If you’re a fan of salmon, you’ll know there’s nothing quite like its unique, rich flavor. But whether you’ve scored a great deal at the local market, caught a surplus while fishing, or prepared a bit too much for dinner, you might find yourself with leftover salmon.
Fortunately, there’s a solution: freezing. With the right steps, you can keep your salmon in the freezer without sacrificing its taste or texture.
This comprehensive guide will walk you through how to freeze both raw and cooked salmon efficiently.
To freeze salmon, ensure it’s clean and dry. For raw salmon, vacuum seal it or wrap it tightly in cling film before placing it in a zip-top bag. Cooked salmon should cool to room temperature before being packed in airtight containers or heavy-duty freezer bags. Frozen salmon can last from 2 months to 2 years, depending on how it’s packaged.
How To Freeze Raw Salmon
When it comes to freezing raw salmon, you want to make sure that it’s as fresh as possible. The better the condition of your salmon when it goes into the freeze, the better it will be when it comes out.
- Inspect the fish: Make sure your salmon is fresh. It should have a bright, glossy surface with a firm texture and mild scent.
- Clean the fish: Rinse your salmon under cold water, removing any dirt or loose scales, and then pat it dry with a paper towel to reduce freezer burn.
There are a few methods you can use to pack your raw salmon for freezing, but all are designed to reduce exposure to air.
This is the most effective method. Vacuum sealers remove all the air around the fish and seal it in a plastic bag. This will prevent freezer burn and keep the fish tasting fresh for the longest period.
If you don’t have a vacuum sealer, you can use the water immersion technique. Place the salmon in a zip-top bag, slowly submerge the bag in water (keeping the open end just above the water line), then seal it.
The water pressure will push out most of the air from the bag.
Wrap the salmon tightly in cling film, then place it in a zip-top bag. Remove as much air as possible before sealing the bag.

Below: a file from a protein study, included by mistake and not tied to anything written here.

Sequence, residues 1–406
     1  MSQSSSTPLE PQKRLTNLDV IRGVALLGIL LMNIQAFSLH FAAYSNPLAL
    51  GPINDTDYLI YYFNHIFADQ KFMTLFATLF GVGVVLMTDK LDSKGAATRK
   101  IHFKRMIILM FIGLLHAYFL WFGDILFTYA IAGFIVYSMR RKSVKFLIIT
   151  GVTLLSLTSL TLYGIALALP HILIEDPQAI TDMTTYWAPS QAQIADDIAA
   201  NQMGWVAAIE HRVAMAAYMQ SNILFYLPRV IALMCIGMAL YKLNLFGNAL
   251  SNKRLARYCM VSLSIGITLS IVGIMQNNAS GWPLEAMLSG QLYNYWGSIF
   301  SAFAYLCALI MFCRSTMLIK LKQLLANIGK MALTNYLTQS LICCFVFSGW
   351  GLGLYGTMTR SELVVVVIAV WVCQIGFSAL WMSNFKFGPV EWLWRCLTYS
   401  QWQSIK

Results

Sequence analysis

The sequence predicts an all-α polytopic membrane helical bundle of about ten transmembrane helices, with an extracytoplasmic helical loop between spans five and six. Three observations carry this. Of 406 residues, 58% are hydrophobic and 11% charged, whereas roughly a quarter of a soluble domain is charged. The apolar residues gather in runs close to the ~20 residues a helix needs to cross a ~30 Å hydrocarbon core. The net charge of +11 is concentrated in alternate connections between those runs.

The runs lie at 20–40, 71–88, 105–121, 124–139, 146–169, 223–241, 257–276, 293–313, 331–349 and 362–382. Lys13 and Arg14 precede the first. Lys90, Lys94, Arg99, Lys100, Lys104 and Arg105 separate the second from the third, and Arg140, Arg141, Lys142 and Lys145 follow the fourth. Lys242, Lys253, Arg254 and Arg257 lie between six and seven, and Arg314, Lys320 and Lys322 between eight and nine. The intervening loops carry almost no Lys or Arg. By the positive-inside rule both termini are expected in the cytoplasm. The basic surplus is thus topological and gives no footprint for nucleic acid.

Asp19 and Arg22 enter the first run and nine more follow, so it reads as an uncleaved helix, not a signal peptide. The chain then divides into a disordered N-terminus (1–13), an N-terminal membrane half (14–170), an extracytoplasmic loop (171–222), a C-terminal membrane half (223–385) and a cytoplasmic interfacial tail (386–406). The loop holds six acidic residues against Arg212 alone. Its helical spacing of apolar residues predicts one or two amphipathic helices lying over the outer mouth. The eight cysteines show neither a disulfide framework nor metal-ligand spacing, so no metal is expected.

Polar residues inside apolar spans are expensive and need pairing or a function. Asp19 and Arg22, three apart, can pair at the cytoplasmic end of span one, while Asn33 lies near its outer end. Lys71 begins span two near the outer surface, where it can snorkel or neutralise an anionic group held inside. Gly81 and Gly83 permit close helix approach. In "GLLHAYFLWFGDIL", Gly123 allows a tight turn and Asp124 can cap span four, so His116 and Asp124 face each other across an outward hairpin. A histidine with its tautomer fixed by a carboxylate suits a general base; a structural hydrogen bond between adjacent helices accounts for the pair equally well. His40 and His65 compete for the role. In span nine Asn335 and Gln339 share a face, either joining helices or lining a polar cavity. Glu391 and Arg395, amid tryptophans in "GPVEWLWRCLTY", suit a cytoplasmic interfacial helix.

How to Freeze Cooked Salmon
Freezing cooked salmon is a great way to make your meal prep work for you, or to save leftovers from a particularly large feast.
Cool it Down
Before freezing, let your cooked salmon cool down to room temperature. However, don’t leave it out for more than two hours to avoid bacterial growth.
Package it Properly
Pack your cooked salmon in airtight containers or heavy-duty freezer bags. Just like with raw salmon, the key to preserving the flavor and texture of the cooked fish is to minimize its exposure to air.
While proper freezing can extend the shelf life of salmon, it’s crucial to recognize signs of spoilage such as a strong, sour smell, slimy texture, and dull, faded color before freezing, which you can learn more about in our guide on how to tell if salmon is bad.
Guidelines and Timing
|Vacuum Sealed||Water Immersion/Cling Film Wrapped|
|Raw Salmon||Up to 2 years||4 to 6 months|
|Cooked Salmon||Up to 1 year||2 to 3 months|
Before opting for the freezing method, it’s worth understanding other effective ways to store your salmon, be it in the refrigerator or by using a marinade, which we’ve covered in our post on how to properly store salmon.
How To Thaw Salmon
Once you’ve mastered the art of freezing salmon, the next step is to defrost and reheat it in a way that maintains its delectable flavor and texture.
Proper thawing is as important as proper freezing.
- In the Fridge: Transfer your frozen salmon from the freezer to the refrigerator for 24 hours.
- In Cold Water: If you need it faster, you can also thaw salmon in cold water. Seal it in a zip-top bag and immerse it in cold water, changing the water every 30 minutes until the salmon is thawed.
Explore our comprehensive guide on how to reheat salmon for the best results.
Tips to Remember
- Do not refreeze salmon that’s been thawed.
- Label your frozen salmon with the date, so you’ll know how long it’s been in the freezer.
- If freezing cooked salmon, note what ingredients you used, as some (like dairy products) may not freeze as well.
For more information about the safe handling and storage of seafood, including salmon, you can visit the official website of the U.S. Food and Drug Administration (FDA).
Frequently Asked Questions About How To Freeze Salmon
While fresh salmon is always a treat, freezing provides a wonderful way to extend the shelf life of this versatile fish.
By taking a few moments to package it properly, you can freeze both raw and cooked salmon, maintaining most of its quality for months to come.
So next time you have a salmon surplus, don’t fret – just follow this guide, and you’ll be savoring that delicious salmon flavor whenever the craving strikes!
How to freeze salmon
- Cling wrap
- Airtight containers (for cooked salmon)
- Zip-top freezer bags
- Paper towels
- Fresh raw salmon or cooked salmon
How to freeze raw salmon
- Inspect your fresh salmon. Rinse under cold water to remove any dirt or loose scales. Pat it dry with paper towels.
- Use one of the following methods: Vacuum Sealing: Place the salmon in a vacuum sealer bag and seal it.Water Immersion: Place the salmon in a zip-top bag, submerge it in water, then seal the bag.Cling Film: Wrap the salmon tightly in cling film, then place it in a zip-top bag.
- Place the sealed salmon in the freezer.
How to freeze cooked salmon
- Let the cooked salmon cool down to room temperature.
- Place the salmon in an airtight container or a heavy-duty freezer bag.
- Place the sealed container or bag in the freezer.